Daily Debrief: iPhone 3G's unveiling Video
Daily Debrief: iPhone 3G's unveiling Video Transcript
[ music ] ^M00:00:03 [ background music ]
>> Steve Jobs took center stage at the Apple Worldwide Developers Conference today, where it was, obviously, all iPhone all the time. I'm Charlie Cooper, here with my colleague from News.com, Tom Krazet [assumed spelling]. Tom you were there. So Jobs announced an upgraded iPhone, faster internet connection, satellite navigation capabilities. And the units are priced about two hundred dollars lower than previous models. How did all of that jibe with the advanced hypes and leaks?
>> Pretty closely, actually. I mean for once the rumor mill seemed to be pretty on board. I mean 3G was a no brainer, we knew that was coming almost since the day the first one was announced last year. And actually Jobs and A T and T [inaudible] spoken about 3G capability in the past. GPS we sort of knew, but that was coming you know, a little closer to the event. It wasn't as much advanced hype on that. And the price cut had been predicted I think out of the UK. The Financial Times had a report on that a couple of weeks ago.
>> These developer conferences take on the shape of a revival for Apple fans. Was the crowd excited, disappointed, relative to years past with what he had to say?
>> Well you know, I mean nothing will top the first MacWorld where he unveiled iPhone in terms of audience reactions and things like that. But people were pretty receptive to a lot of what you know, he had to say. I mean again, it's not like anybody didn't know that 3G was coming, or you know, even GPS for that matter. But the price cut was I think more surprising to the audience, and they reacted accordingly.
>> Here's what we've got. Two hundred dollars for an eight gigabyte model, three hundred dollars for sixteen gigs. The old models sold for four hundred, five hundred bucks respectively. No thirty two gig version, but no problem. Still that was enough to get the crowd going, especially with the 3G, which I think is important.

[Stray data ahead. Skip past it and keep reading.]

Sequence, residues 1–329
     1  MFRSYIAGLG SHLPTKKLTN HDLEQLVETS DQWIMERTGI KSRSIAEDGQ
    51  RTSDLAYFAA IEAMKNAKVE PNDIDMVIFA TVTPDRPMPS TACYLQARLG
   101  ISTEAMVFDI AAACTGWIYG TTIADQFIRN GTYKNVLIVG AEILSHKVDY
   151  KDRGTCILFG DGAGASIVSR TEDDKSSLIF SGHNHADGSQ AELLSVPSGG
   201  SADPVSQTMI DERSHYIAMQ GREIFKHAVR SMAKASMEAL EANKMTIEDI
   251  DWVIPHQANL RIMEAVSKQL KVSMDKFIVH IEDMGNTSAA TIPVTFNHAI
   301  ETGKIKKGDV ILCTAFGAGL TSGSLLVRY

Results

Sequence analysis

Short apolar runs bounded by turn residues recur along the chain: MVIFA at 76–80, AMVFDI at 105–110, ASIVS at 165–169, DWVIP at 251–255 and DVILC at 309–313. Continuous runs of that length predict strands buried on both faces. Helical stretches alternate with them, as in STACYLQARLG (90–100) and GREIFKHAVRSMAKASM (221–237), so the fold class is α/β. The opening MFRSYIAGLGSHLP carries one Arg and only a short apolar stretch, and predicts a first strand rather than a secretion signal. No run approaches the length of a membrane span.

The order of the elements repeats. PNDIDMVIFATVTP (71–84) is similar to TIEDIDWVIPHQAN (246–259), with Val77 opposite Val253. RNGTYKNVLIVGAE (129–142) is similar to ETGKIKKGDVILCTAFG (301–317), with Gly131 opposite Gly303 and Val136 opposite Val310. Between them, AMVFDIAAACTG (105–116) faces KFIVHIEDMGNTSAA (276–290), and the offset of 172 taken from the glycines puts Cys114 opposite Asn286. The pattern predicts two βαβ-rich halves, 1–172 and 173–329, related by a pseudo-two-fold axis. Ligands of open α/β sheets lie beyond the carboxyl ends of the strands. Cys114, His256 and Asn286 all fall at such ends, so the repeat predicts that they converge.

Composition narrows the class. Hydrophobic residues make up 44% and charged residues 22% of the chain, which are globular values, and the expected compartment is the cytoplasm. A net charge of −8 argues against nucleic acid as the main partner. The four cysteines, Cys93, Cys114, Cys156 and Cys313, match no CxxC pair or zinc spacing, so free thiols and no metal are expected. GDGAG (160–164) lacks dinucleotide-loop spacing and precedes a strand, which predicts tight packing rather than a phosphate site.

>> Yeah. I mean this was a phone that people were gonna be excited about anyway, because 3G is one of those things where everybody will love that, and notice that immediately as an improvement to their phone. I mean the amount of time that it takes to download a web page right now on the Edge phone is really annoying. And you know, while it's still kind of long, this isn't gonna be like your broadband on your PC, it's much better, and much improved. And you can go visit you know, web pages with heavier amounts of images or video, or you can do that and you won't drive yourself crazy.
>> Another important thing I though was Jobs' offer to enterprise support update, that factors into his bigger ambitions. Can you give us a brief update as to what that was about?
>> Well that was you know, an extension of what they announced in March, was the ability to do the push email on your iPhone, synced up with you know, your Microsoft Exchange server at work. And some of the security things are good along there too, you know, that's the kind of thing that the corporate buyers want to see. I mean what's gonna be interesting is whether or not that technology actually does spur companies to start buying these things by the truckload. I mean the way that iPhones are getting into the Enterprise is through the ground up, you know, through people bringing them in after they buy them at their local Apple or A T and T store. Does this mean now that companies are gonna say hey Apple, give me ten thousand of these for my you know, worldwide sales force. I don't know yet, that's gonna be an interesting development to watch.
>> I'm sure there'll be a lot of romancing of IT directors. As far as the GPS goes, do the Garmans and the Tom Toms of the world have much to worry about?
>> Well maybe, you know? The more you put into one device, the less you're able to do with stand alone devices that only do a couple of things. I mean you know, but I mean is the iPhone going to totally cannibalize the iPod market just because it can play music too? You know, I don't think that's necessarily true, so.